Low Light and Low tech tank = Easy to maintain Planted Tank

Customers around the world who build a start-up tank are usually people who are beginners or small time hobbyists. A new hobbyist or a beginner can learn so many things from this small tank before they begin to make it bigger. Today we are going to discuss some of the features for low light in small but low tech tanks.

Low lights are ideally suited for beginners or those hobbyists who would rather not spend lots of time maintaining their tanks. Development of plants is slow when the tank is “reasonable” and the aqua-scape remains static for long periods of time. This contrasts to a high light, high tech tank that changes from week to week with lots of nutrient additions and pruning of rapid growth.

When we talk about low tech tanks, generally it refers to low light and no CO2 injection. To create a successful low tech tank, I will suggest steps as listed below.  My experiences have been critical for success.

Step 1
Initiate with 1 to 2 watts per gallon of linear normal output fluorescent lighting. Use two lamps (bulbs).  There is no need to purchase expensive aquaria specific bulbs; choose bulbs with a color rating between 5000K and 10000K. I suggest you use a mix of 6500K and 9325K bulbs.

Step 2
Choose a “rich” substrate. I suggest not using plain gravel, as it is a poor choice. Still, if you prefer plain gravel, mix in a few handfuls of ground peat and some laterite. You will find this iron-rich clay substrate at your local fish store or online. There are other combinations of substrate materials that can also be used. Just a note, always add the peat in addition to the sand, Flourite, or other material. If you have an already established tank, adding some mulm from that tank’s substrate really helps a new tank. Substrate depth should be 3-5 inches. Remember, you locate the peat and laterite in the bottom 1/3 of the substrate.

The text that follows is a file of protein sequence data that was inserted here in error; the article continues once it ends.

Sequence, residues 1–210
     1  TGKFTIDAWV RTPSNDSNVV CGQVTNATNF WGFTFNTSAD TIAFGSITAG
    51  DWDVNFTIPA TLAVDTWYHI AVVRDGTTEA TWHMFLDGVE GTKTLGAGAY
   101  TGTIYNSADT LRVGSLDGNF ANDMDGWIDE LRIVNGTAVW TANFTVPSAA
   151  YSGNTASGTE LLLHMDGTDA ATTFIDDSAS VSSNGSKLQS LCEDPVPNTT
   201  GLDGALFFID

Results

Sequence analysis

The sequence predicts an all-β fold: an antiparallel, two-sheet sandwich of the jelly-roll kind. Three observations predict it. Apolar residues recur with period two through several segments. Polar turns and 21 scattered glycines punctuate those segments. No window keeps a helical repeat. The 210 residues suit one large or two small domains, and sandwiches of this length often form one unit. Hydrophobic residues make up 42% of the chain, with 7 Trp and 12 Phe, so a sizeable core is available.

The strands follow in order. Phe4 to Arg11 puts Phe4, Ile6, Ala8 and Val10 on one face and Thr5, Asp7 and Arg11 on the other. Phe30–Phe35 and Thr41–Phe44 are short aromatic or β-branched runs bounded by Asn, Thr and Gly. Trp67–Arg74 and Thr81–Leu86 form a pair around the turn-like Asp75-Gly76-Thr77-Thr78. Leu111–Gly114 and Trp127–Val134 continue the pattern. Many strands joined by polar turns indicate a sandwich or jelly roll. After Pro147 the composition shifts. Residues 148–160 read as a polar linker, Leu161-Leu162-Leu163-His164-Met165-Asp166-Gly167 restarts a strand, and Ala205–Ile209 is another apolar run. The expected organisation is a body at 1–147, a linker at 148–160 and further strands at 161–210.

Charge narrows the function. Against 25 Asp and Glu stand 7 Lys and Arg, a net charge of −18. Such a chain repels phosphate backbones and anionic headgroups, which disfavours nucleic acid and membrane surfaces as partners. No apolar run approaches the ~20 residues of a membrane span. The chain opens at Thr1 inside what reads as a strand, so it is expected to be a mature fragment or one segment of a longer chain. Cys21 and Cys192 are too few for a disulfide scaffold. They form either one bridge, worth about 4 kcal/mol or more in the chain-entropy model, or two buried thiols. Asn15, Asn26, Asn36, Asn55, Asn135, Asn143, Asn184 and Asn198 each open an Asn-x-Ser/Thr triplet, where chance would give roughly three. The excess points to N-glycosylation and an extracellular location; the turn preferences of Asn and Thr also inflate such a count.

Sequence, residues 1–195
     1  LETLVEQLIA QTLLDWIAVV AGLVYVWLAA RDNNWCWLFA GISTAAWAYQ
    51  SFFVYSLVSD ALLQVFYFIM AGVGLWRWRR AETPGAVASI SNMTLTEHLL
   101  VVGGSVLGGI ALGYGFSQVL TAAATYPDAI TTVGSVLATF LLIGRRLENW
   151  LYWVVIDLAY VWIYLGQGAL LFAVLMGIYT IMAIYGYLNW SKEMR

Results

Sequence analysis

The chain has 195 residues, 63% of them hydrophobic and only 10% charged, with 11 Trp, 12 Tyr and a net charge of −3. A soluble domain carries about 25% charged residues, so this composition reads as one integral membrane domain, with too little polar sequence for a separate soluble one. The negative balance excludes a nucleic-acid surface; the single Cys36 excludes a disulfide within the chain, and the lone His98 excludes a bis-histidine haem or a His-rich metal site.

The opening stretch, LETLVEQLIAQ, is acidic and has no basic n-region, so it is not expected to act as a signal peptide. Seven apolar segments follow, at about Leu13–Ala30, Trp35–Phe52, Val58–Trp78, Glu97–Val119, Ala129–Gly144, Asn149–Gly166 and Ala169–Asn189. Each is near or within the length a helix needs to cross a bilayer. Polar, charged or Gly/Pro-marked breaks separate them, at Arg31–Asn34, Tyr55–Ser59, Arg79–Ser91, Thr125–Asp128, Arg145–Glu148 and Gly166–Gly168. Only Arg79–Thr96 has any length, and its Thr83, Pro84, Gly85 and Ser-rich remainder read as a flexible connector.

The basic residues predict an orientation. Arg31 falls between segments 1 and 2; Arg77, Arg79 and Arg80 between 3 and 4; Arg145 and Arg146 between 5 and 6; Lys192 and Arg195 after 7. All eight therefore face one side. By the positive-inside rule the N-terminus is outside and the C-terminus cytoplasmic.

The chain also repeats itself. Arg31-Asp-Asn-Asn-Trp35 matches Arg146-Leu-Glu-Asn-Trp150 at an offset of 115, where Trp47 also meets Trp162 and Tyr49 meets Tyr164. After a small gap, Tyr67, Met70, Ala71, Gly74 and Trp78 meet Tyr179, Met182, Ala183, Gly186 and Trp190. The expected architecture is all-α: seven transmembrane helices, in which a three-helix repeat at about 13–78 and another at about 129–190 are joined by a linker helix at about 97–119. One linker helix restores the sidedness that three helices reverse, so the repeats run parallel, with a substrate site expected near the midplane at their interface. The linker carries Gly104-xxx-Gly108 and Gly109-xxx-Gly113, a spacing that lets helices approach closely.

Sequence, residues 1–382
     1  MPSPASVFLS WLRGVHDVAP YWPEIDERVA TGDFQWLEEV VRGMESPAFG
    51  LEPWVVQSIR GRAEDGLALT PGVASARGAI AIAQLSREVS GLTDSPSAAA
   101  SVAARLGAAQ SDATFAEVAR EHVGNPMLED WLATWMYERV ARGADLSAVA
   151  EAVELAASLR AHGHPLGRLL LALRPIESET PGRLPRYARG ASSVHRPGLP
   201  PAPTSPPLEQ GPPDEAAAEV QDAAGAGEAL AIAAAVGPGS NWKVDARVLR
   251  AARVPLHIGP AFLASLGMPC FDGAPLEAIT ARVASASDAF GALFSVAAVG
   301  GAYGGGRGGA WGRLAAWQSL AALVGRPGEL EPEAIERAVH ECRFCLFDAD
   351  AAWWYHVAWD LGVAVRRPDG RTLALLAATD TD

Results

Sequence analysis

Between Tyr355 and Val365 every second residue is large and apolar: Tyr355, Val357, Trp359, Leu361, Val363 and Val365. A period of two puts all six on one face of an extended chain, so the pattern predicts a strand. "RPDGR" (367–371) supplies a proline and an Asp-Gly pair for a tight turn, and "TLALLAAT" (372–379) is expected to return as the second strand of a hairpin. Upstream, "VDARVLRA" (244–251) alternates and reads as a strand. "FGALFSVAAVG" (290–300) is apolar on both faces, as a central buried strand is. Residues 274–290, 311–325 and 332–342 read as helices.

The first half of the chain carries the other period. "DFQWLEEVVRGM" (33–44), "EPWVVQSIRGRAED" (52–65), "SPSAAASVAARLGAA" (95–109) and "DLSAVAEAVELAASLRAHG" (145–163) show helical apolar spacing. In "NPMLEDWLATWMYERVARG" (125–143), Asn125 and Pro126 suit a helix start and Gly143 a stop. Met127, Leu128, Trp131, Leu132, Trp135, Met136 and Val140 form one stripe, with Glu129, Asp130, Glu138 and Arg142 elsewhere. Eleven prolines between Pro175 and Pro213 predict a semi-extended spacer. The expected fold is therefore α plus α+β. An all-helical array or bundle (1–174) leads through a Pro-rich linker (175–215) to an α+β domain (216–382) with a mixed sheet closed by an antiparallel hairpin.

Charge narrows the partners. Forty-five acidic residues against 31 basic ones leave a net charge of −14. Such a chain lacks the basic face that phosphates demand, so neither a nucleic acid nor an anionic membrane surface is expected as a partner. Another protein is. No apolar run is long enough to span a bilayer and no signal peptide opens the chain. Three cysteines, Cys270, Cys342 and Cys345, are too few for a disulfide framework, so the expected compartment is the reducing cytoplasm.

Step 3
Any style filter, even bio-wheel filters, are fine because we aren’t trying to inject CO2. Bio-wheels won’t cause a loss of CO2 in a non injected tank and, remember, do not use undergravel filters.

Once you are done with this process, 75 percent of the plants grow fast, especially their stems. Adding some floating hornwort or something similar is also very beneficial at the start. Limit surface coverage to 20 percent. Stock with small fish that aren’t too low in number during the start-up period.  Try to keep a low fish load in a low tech planted tank. It is an excellent idea to have an algae clean-up crew consisting of one or any combination of the following: Siamese Algae Eater (SAE), Amano or Cherry Shrimp, Otocinclus (Otos catfish), American Flag or Florida Flag Fish, and Rosey Barbs..

Final Steps
The final step is what makes most people embarrassed: Leave it alone. Do not change the water and don’t add any fertilizer. Just adding tap water weekly, or as needed, to top off the tank due to evaporation is all that is required. If your plants show signs of nutrient deficiencies, you can add a comprehensive fertilizer such as Flourish or Tropica Master Grow once a week until improvement is noticed; thereafter, add it only once a month. Limit water changes to times when you have immediately uprooted plants or done a major pruning. Personally, I change water in my low tech tanks about once every 3-4 months at pruning or replanting time.

My experience says, “leave the tank alone” and you won’t be disappointed. The more you try your hand with this type of tank, the more likely you’ll upset the balance and algae problems will appear. If this approach seems too tame and you desire more involvement, then you should consider the high light CO2 injected tank.